The European System of Central Banks (ESCB) is composed of the European Central Bank (ECB) and the National Central Banks (NCB's) of all 15 EU Member States. The "Eurosystem" is the term used to refer to the ECB and the NCBs of the Member States who have euro as their national currency. The NCB's of the Member States which are yet to adopt euro as their national currency have the privilege to become the members of ESCB with a special status. The primary objective of the Eurosystem is to maintain price stability with the aid of European Community and the Statute of the European System of Central Banks and the European Central Bank. Without prejudice to this objective, it shall support the general economic policies in the Community and act in accordance with the principles of an open market economy.
The process of decision-making in the Eurosystem is centralised through the decision-making bodies of the ECB, namely the Governing Council and the Executive Board. As long as there are Member States which have not yet adopted the euro, a third decision-making body, the General Council, shall also exist.
The Governing Council comprises all the members of the Executive Board and the governors of the NCBs of the Member States without derogation, i.e. those countries which have adopted the euro. The main responsibilities of the Governing Council are to adopt the guidelines and take the decisions necessary to ensure the performance of the tasks entrusted to the Eurosystem, to formulate the monetary policy of the euro area (including, as appropriate, decisions relating to intermediate monetary objectives, key interest rates and the supply of reserves in the Eurosystem), and to establish the necessary guidelines for their implementation.
[...] the Council of the European Monetary Institute (EMI) for the first appointments). The main responsibilities of the Executive Board are: to implement monetary policy in accordance with the guidelines and decisions laid down by the Governing Council of the ECB and to execute those powers which have been delegated to it by the Governing Council of the ECB. The General Council comprises the President and the Vice-President and the governors of the NCBs of all 15 Member States. The General Council performs the tasks which the ECB took over from the EMI and which, owing to the derogation of one or more Member States, still have to be performed in Stage Three of Economic and Monetary Union (EMU). [...]
[...] It is possible to execute open market operations on the basis of standard tenders, quick tenders or bilateral procedures. With regard to their aim, regularity and procedures, the open market operations of the Eurosystem can be divided into the following four categories: refinancing operations (regular liquidity-providing reverse transactions with a weekly frequency and a maturity of two weeks), the longer-term refinancing operations (liquidity- providing reverse transactions with a monthly frequency and a maturity of three months), fine-tuning operations (managing the liquidity situation in the market and steering interest rates, in particular in order to smooth the effects on interest rates caused by unexpected liquidity fluctuations and structural operations (the issuance of debt certificates, reverse transactions and outright transactions) . [...]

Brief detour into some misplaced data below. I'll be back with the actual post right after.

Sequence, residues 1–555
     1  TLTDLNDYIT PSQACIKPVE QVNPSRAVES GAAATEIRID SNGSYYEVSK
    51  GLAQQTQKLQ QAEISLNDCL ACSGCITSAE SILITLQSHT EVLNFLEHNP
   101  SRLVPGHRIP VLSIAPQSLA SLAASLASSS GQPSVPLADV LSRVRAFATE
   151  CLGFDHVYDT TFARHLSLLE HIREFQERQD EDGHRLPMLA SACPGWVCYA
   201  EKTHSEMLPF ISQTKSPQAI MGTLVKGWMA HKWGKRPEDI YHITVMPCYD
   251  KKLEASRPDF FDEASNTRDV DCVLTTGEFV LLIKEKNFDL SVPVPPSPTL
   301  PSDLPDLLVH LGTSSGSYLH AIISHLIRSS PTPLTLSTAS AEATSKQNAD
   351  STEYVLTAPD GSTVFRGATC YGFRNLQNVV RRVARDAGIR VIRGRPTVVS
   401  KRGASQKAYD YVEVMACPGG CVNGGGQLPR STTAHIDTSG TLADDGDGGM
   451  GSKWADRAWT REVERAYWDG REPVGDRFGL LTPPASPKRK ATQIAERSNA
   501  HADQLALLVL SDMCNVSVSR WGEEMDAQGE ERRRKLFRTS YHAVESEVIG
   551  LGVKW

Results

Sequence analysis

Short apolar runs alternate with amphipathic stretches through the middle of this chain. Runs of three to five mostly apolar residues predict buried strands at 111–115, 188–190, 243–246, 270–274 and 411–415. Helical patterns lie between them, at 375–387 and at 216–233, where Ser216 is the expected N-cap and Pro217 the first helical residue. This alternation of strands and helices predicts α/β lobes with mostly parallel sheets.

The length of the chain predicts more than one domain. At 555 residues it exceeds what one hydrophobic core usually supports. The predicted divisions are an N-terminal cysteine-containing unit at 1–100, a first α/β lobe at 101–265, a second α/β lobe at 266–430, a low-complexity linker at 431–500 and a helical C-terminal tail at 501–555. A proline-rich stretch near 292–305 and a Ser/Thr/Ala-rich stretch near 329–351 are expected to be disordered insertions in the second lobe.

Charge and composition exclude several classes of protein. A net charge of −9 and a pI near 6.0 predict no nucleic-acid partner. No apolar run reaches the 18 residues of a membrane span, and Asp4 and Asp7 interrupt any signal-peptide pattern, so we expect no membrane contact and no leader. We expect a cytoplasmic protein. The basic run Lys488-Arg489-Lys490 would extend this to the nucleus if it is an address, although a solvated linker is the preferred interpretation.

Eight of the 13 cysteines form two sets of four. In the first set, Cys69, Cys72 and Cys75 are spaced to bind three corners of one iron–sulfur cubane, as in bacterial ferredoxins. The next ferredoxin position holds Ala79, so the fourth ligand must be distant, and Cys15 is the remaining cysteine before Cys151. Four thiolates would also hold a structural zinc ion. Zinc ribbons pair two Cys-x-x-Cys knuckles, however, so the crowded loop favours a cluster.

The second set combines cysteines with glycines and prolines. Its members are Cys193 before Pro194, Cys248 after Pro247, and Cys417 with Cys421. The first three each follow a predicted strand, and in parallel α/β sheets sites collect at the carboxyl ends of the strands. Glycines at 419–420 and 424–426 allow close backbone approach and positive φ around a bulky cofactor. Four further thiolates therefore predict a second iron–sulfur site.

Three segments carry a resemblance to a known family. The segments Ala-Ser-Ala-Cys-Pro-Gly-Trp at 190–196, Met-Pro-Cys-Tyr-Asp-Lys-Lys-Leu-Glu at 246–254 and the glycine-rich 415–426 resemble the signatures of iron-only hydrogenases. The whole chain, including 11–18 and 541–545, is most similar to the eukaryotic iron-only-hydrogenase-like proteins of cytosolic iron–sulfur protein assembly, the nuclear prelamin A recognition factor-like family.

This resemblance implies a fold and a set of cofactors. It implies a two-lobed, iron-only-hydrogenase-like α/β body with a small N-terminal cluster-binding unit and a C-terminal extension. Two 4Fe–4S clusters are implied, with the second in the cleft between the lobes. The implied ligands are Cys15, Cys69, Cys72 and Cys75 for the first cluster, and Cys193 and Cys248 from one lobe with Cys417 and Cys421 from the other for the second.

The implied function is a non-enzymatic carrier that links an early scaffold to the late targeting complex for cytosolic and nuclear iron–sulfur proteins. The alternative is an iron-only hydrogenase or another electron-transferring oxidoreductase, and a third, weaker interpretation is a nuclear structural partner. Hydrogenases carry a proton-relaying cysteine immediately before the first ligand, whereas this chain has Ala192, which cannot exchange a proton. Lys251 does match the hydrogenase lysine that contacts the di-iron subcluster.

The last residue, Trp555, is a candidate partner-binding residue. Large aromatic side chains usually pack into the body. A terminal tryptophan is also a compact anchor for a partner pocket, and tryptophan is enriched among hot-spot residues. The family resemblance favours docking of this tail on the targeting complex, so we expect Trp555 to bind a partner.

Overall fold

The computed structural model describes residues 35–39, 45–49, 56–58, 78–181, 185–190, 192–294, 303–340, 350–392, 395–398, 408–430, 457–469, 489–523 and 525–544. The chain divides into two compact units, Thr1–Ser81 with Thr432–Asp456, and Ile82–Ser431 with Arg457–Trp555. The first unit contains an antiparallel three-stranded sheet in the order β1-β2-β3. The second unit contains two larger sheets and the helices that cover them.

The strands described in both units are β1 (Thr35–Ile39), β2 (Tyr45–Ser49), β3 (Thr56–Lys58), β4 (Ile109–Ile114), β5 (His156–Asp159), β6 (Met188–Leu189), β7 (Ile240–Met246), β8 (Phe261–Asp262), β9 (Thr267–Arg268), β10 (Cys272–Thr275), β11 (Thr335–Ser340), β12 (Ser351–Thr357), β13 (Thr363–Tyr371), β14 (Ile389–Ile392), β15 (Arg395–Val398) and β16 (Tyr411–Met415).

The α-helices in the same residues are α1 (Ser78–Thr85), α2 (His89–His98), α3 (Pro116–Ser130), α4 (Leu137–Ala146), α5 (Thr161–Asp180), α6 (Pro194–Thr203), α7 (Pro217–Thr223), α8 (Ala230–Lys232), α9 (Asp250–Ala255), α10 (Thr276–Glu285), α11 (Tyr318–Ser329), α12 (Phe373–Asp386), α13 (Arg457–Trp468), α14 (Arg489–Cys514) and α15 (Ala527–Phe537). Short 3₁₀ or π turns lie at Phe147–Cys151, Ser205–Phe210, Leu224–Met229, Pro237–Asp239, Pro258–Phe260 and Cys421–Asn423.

[...] Finally, in order to undertake the tasks of the ESCB, the ECB, assisted by the NCBs, shall collect the necessary statistical information either from the competent national authorities or directly from economic agents. The primary objective of the European System of Central Banks (ESCB), as defined in Article 2 of the Statute of the European System of Central Banks and of the European Central Bank is to maintain price stability. Without prejudice to the primary objective of price stability, the ESCB shall support the general economic policies in the Community with a view to contributing to the achievement of the objectives of the Community. [...]
[...] The euro area NCBs have paid up their respective subscriptions to the ECB's capital in full. The NCBs of the non-participating countries have paid up of their respective subscriptions to the ECB's capital as a contribution to the operational costs of the ECB. As a result, the ECB was endowed with an initial capital of just under EUR 4 billion. In addition, the NCBs of the Member States participating in the euro area have provided the ECB with foreign reserve assets of up to an amount equivalent to around EUR 40 billion. [...]
[...] The European System of Central Banks Introduction The European System of Central Banks (ESCB) is composed of the European Central Bank (ECB) and the national central banks (NCBs) of all 15 EU Member States. The "Eurosystem" is the term used to refer to the ECB and the NCBs of the Member States which have adopted the euro. The NCBs of the Member States which do not participate in the euro area, however, are members of the ESCB with a special status while they are allowed to conduct their respective national monetary policies, they do not take part in the decision-making with regard to the single monetary policy for the euro area and the implementation of such decisions. [...]
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